Separation of DNA has been central to advances in our understanding of human biology and health. Genome sequencing, genotyping, phenotyping as well as metagenomic analysis of pathogenic organisms and microbial communities have all relied on methods for DNA separation, most commonly based on DNA fragment length. Same-length fragments must then be sequenced or separated by sequence. The goal of this proposal is to invent a microfluidic chip for simple, rapid, low-cost separation of DNA in two dimensions: length and sequence. This will be achieved by first separating DNA by length using conventional sieving polymers and then separating the same-length DNA fragments in the second dimension of sequence using a new gel medium that is formed by self-association of guanosine compounds. This guanosine gel, or "G-gel", shows promise for separation of DNA on the basis of sequence without the need for mobility shifts induced by three-dimensional structure or resistance to thermal/chemical denaturation that are the basis for existing techniques.
The specific aims of this proposal are to: (1) Use capillary gel electrophoresis to systematically investigate the DNA sequence selectivity of the G-gels and evaluate limits of sequence-based resolution;(2) Design and fabricate a microfluidic chip for the two-dimensional (2-D) DNA separation;(3) Individually optimize separations in each of the two dimensions;(4) optimize the combined, 2-D separation and evaluate limits of resolution;(5) test the ability of the chip to separate microbial DNA samples that have been fully characterized by standard methods. The ultimate goal is a self-contained, integrated device that would incorporate the 2-D separation with on-board power supply and detection into an expanded chip that would include pre-analysis steps for sample processing, including DNA extraction, purification and PCR. Realization of such an integrated platform would provide a true lab-on-a-chip for real-time DNA analysis that would offer important advantages for wide-ranging applications, for example, routine genomic analysis at point-of-care and in challenging settings such as remote areas or disaster sites, and for profiling pathogenic organisms and health-related microbial communities and monitoring their responses to environmental stressors.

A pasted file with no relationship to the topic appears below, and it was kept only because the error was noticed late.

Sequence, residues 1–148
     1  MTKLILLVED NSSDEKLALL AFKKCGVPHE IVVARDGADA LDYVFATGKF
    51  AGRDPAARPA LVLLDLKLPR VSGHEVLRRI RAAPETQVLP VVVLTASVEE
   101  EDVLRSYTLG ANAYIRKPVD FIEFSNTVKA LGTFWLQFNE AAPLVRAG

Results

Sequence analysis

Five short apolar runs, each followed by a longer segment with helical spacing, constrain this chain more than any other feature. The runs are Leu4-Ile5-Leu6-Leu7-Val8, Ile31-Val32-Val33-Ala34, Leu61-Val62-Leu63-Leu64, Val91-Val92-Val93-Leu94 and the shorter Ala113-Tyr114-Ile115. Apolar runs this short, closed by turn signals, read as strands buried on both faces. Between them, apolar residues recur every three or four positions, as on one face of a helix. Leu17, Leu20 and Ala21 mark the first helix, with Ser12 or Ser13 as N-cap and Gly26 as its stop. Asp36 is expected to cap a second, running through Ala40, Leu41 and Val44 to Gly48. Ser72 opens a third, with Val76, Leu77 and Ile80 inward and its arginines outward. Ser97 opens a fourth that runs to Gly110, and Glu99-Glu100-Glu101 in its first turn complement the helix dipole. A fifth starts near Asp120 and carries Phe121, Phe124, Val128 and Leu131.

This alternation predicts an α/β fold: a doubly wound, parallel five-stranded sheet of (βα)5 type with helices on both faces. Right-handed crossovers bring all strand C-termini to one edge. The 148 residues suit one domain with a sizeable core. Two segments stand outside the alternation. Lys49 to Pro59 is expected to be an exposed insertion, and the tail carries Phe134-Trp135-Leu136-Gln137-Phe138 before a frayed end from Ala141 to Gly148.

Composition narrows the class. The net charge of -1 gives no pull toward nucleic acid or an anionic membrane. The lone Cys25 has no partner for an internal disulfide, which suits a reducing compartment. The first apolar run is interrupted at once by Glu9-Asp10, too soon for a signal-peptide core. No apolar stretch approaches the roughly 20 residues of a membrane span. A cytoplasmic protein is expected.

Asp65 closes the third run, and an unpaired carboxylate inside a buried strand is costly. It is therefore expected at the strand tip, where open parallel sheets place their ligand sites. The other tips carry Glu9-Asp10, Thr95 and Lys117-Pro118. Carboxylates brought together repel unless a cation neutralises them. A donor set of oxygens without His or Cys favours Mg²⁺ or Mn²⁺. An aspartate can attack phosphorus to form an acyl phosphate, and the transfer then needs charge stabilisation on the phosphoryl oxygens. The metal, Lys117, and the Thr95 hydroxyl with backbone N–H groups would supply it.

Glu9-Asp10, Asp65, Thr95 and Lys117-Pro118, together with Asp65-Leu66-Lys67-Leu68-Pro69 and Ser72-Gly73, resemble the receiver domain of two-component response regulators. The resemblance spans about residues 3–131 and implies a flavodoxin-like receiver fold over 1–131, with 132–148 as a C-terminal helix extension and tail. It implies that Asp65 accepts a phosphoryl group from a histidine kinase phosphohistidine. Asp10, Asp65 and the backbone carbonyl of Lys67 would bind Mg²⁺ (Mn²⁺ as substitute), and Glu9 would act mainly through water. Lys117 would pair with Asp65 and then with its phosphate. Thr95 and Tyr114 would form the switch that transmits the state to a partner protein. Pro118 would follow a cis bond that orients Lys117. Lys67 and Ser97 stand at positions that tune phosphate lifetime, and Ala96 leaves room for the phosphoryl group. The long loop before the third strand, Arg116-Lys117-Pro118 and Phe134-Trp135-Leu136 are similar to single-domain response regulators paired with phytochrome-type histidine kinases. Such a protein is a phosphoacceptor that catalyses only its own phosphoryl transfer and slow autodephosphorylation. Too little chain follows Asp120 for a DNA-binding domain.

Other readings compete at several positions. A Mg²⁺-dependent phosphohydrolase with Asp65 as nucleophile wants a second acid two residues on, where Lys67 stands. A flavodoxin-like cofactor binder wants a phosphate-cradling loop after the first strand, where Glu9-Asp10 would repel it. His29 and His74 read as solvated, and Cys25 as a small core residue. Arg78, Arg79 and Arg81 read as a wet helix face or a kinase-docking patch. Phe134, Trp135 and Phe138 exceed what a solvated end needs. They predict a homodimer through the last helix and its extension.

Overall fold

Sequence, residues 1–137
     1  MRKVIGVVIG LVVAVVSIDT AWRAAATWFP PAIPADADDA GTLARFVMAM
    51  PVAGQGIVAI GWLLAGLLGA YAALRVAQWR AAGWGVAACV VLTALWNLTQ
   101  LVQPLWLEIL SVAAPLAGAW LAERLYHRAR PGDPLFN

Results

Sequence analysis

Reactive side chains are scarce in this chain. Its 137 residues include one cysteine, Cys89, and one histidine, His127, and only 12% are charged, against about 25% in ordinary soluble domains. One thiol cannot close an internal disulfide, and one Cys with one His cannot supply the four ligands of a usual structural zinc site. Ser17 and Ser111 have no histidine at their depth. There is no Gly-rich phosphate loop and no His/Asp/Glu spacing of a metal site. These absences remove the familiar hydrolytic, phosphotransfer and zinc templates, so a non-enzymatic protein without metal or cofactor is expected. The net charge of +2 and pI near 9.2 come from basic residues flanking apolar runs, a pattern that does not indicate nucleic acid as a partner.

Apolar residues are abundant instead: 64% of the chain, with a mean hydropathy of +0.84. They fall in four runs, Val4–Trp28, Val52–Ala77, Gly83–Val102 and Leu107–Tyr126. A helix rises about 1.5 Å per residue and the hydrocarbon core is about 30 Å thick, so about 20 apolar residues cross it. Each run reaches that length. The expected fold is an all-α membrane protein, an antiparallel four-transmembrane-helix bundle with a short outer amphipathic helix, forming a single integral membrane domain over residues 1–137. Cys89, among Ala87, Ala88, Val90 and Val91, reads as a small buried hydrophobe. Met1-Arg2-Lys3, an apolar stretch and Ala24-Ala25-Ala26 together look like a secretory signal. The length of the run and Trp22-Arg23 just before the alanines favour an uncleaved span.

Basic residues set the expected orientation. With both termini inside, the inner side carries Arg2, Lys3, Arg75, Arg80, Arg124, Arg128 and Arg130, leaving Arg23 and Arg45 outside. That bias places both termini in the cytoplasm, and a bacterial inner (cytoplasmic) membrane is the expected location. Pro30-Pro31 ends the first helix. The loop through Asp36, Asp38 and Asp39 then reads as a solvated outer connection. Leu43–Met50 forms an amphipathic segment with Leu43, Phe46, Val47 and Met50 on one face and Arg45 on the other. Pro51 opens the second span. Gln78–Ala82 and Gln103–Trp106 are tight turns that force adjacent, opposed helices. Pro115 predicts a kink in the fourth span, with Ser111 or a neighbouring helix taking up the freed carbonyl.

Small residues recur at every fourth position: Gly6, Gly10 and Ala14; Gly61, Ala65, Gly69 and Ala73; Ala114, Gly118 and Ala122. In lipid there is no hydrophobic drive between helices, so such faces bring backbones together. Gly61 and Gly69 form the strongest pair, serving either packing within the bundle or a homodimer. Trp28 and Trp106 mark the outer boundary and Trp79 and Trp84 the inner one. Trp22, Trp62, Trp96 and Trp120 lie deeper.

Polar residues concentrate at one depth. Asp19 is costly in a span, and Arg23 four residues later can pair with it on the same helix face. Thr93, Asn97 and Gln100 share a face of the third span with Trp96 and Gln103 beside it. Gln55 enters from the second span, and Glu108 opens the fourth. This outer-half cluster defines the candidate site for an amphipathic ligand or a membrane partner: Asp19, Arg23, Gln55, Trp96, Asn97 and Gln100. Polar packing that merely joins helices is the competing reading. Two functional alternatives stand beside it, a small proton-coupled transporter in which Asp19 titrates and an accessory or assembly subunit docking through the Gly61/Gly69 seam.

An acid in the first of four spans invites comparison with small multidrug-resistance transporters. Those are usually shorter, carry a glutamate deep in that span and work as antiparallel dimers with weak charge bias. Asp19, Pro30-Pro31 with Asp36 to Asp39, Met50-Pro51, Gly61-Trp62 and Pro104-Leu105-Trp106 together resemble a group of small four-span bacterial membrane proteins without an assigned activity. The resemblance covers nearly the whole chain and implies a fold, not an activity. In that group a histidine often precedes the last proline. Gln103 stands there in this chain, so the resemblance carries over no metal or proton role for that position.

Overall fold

Public Health Relevance

A microscale chip platform for simple, rapid and low-cost separation of DNA in two dimensions, length and sequence, will be introduced. The new chip will provide significant advantages for DNA analysis in point-of-care and remote clinical settings as well as for monitoring pathogenic organisms and health-related microbial communities.

National Institute of Health (NIH)
Exploratory/Developmental Grants (R21)
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Special Emphasis Panel (ZRR1)
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Friedman, Fred K
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Rensselaer Polytechnic Institute
Schools of Arts and Sciences
United States
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